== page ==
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JAMA Ophthalmology Clinical Challenge
December 2015

Cotton-Wool Spots Associated With Mild Nonprogressive Visual Loss

Author Affiliations
  • 1Retina Service, Department of Ophthalmology, Massachusetts Eye and Ear Infirmary, Boston
  • 2Harvard Medical School, Boston, Massachusetts
  • 3Retina-Vitreous Associates Medical Group, Los Angeles, California
JAMA Ophthalmol. 2015;133(12):1471-1472. doi:10.1001/jamaophthalmol.2015.1967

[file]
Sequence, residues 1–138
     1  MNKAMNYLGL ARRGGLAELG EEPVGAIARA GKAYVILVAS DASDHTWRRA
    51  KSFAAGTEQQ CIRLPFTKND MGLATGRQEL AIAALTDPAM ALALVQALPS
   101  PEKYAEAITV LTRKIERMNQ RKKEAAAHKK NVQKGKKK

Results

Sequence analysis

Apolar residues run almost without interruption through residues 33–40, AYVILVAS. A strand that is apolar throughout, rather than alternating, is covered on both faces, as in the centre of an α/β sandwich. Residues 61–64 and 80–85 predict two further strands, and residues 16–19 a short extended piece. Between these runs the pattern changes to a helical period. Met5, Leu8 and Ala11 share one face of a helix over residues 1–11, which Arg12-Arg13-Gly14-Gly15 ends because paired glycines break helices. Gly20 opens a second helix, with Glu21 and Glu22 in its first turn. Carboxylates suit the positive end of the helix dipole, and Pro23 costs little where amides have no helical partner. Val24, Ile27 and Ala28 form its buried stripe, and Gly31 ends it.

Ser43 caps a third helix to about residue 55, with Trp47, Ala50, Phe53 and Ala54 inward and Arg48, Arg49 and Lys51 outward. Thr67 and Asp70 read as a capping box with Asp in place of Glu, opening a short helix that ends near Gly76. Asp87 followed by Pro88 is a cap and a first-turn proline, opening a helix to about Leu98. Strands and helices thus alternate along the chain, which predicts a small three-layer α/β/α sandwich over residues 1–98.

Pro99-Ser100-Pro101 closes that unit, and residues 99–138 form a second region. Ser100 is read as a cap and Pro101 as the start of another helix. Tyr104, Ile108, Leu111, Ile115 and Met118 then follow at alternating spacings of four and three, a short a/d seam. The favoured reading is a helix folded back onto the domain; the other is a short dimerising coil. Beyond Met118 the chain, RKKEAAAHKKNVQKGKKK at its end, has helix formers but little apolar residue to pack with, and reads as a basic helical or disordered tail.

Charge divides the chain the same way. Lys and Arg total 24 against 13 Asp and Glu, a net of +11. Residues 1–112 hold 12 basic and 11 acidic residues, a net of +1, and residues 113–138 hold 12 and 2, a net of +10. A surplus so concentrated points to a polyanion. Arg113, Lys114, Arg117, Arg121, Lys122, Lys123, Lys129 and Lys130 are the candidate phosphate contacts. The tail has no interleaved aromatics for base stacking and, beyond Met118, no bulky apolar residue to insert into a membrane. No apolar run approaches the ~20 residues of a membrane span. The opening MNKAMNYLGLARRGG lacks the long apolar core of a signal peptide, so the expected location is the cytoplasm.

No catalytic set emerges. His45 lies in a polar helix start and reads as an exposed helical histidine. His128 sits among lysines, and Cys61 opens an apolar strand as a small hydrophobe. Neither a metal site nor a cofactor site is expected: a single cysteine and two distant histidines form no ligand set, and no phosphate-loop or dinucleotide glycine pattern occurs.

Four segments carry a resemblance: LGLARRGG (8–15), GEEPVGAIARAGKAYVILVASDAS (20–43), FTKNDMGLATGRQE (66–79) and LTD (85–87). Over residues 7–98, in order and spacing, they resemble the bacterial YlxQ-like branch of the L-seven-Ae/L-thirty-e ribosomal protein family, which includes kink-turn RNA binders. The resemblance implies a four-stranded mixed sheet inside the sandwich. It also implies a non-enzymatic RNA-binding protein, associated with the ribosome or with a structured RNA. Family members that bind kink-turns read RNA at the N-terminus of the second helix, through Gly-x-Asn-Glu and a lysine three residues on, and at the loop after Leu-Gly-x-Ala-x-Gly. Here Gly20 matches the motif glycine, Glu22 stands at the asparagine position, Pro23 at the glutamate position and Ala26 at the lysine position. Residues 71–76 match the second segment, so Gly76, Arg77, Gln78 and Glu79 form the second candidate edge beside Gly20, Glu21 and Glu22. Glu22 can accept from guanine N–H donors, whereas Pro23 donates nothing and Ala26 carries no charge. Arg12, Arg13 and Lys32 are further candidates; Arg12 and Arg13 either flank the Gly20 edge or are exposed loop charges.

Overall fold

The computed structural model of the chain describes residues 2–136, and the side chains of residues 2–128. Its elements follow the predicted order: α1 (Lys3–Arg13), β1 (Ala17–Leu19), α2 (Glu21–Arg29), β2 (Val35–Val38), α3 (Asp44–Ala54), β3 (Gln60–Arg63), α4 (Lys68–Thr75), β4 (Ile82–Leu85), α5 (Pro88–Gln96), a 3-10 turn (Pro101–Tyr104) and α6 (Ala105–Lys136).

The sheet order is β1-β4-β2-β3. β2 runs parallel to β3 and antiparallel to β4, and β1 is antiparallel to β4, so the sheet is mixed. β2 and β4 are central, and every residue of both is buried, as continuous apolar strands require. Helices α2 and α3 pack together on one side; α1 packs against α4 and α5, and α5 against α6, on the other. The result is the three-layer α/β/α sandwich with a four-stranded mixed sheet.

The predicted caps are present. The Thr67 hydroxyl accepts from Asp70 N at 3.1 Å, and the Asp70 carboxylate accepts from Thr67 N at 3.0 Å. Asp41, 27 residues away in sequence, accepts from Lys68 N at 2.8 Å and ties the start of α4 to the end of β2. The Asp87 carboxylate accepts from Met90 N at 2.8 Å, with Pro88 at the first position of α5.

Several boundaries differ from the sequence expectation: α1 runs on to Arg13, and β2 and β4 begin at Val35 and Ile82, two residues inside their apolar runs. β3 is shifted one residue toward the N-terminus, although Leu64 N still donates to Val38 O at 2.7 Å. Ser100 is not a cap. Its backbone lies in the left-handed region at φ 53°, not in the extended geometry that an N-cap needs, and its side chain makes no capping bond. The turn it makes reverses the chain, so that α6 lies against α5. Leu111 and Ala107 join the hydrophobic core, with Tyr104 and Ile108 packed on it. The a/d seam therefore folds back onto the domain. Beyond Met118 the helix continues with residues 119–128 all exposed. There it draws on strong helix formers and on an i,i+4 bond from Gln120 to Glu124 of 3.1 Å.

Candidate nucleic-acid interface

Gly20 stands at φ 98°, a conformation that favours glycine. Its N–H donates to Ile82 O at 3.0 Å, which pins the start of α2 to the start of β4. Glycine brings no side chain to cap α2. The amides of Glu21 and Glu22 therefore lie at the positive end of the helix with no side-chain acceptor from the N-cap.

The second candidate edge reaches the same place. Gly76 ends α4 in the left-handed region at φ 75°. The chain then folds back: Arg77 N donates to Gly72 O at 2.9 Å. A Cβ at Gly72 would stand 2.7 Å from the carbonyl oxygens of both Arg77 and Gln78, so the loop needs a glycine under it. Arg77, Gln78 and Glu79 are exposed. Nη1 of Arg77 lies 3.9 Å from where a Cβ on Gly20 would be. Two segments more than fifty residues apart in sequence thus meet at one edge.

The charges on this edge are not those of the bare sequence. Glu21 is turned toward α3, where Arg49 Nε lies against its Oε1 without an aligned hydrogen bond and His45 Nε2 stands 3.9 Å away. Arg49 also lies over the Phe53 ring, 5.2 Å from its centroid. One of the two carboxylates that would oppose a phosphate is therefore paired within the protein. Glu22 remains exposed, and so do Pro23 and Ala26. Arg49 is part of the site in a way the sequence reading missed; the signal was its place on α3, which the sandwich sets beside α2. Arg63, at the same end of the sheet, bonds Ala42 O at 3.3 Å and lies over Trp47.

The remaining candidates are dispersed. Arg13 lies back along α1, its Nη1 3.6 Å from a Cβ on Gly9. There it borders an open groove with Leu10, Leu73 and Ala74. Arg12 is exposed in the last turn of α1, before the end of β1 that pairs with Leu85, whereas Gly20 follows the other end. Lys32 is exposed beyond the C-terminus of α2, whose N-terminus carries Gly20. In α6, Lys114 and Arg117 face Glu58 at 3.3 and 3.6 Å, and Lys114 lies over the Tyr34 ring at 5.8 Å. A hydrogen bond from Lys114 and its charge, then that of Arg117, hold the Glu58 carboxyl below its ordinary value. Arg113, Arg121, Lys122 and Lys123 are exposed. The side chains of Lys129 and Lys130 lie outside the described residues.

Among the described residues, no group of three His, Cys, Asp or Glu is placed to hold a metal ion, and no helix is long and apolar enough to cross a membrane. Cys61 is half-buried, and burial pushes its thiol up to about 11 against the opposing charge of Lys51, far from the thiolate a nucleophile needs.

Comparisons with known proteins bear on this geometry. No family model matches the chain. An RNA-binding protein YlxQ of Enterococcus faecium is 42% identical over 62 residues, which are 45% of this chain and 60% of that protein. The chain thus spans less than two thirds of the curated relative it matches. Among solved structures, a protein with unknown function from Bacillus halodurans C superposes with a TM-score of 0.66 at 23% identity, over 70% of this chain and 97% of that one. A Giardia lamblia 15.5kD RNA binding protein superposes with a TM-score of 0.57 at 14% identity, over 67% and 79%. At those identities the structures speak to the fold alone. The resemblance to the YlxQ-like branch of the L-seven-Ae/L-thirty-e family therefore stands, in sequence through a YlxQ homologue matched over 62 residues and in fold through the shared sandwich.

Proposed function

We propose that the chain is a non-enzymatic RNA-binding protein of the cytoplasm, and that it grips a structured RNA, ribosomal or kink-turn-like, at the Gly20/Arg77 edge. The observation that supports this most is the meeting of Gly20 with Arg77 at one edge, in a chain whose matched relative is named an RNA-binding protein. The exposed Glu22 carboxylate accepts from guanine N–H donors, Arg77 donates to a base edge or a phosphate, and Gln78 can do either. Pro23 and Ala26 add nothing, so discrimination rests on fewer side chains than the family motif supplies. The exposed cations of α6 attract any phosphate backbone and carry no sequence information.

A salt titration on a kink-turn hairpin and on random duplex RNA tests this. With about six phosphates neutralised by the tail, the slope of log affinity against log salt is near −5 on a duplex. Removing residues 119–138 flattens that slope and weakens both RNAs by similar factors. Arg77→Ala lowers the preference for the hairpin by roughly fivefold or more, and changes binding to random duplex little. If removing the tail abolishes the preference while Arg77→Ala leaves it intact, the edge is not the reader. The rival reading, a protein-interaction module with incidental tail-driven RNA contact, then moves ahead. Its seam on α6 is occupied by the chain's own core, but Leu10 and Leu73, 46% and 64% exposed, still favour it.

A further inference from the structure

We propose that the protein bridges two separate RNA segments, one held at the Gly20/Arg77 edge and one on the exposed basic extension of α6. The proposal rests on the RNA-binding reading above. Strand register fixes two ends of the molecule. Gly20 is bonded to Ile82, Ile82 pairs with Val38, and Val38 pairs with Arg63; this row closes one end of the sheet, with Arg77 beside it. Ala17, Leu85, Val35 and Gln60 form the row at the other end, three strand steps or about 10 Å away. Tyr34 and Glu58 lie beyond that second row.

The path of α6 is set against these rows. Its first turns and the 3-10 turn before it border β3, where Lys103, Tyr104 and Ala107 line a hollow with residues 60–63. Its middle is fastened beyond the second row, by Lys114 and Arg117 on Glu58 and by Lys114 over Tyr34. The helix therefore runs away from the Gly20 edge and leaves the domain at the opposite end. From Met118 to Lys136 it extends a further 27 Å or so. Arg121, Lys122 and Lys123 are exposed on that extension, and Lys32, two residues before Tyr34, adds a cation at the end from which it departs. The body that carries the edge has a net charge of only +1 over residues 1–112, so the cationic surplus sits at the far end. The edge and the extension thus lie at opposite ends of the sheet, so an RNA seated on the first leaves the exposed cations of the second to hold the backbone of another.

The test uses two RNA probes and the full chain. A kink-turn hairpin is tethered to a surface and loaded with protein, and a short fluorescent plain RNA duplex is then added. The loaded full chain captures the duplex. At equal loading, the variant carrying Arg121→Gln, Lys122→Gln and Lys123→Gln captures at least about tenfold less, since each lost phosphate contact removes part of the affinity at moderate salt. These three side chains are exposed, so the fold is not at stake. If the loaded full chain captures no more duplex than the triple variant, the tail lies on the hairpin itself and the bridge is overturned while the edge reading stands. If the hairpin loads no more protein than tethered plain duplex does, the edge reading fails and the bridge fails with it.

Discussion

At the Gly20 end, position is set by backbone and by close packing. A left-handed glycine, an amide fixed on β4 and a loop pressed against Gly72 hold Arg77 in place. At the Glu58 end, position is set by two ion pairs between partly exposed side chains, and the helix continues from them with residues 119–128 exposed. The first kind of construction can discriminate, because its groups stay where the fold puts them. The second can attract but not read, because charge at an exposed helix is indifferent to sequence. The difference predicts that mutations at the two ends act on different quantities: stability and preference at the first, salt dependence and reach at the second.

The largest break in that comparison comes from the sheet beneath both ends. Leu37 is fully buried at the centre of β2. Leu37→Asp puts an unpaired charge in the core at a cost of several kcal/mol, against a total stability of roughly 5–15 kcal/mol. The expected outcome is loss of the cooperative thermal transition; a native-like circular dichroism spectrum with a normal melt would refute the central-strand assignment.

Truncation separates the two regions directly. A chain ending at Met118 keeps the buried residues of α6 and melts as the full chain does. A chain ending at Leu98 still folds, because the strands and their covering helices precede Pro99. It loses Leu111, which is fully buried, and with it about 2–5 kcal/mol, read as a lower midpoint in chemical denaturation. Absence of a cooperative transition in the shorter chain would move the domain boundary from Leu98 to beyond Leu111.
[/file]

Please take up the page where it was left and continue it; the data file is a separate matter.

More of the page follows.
A healthy white man in his late 70s was referred to the retina clinic for evaluation of nerve fiber layer infarcts (cotton-wool spots). He had been experiencing nonprogressive diminished vision in his left eye for 6 weeks. He denied any history of diabetes or past ocular problems and reported having mild hypertension for which he was taking lisinopril. Review of systems was positive for fatigue of his tongue while eating but he denied any jaw claudication, fevers, malaise, joint pain, or weight loss. His best-corrected visual acuity was 20/25 OD and 20/30 OS. Pupillary and anterior segment examination in both eyes were unremarkable with the exception of bilateral nuclear sclerotic cataracts. Dilated fundus examination of the right eye showed a nerve fiber layer infarct (NFLI) inferior to the optic nerve (Figure 1A). In the left eye, there were several scattered NFLIs in the peripapillary region (Figure 1B). Fluorescein angiography (FA) showed relatively normal flow without evidence of occlusion or vasculitis. An extensive inflammatory and infectious laboratory workup revealed a hemoglobin level of 12.6 g/dL and elevated erythrocyte sedimentation rate and C-reactive protein level of 54 mm/h and 6.16 mg/L, respectively (to convert hemoglobin to grams per liter, multiply by 10, and C-reactive protein to nanomoles per liter, multiply by 9.524). Antinuclear antibody testing was positive (1:80 with homogenous pattern). Further workup including human immunodeficiency virus testing was nonrevealing.

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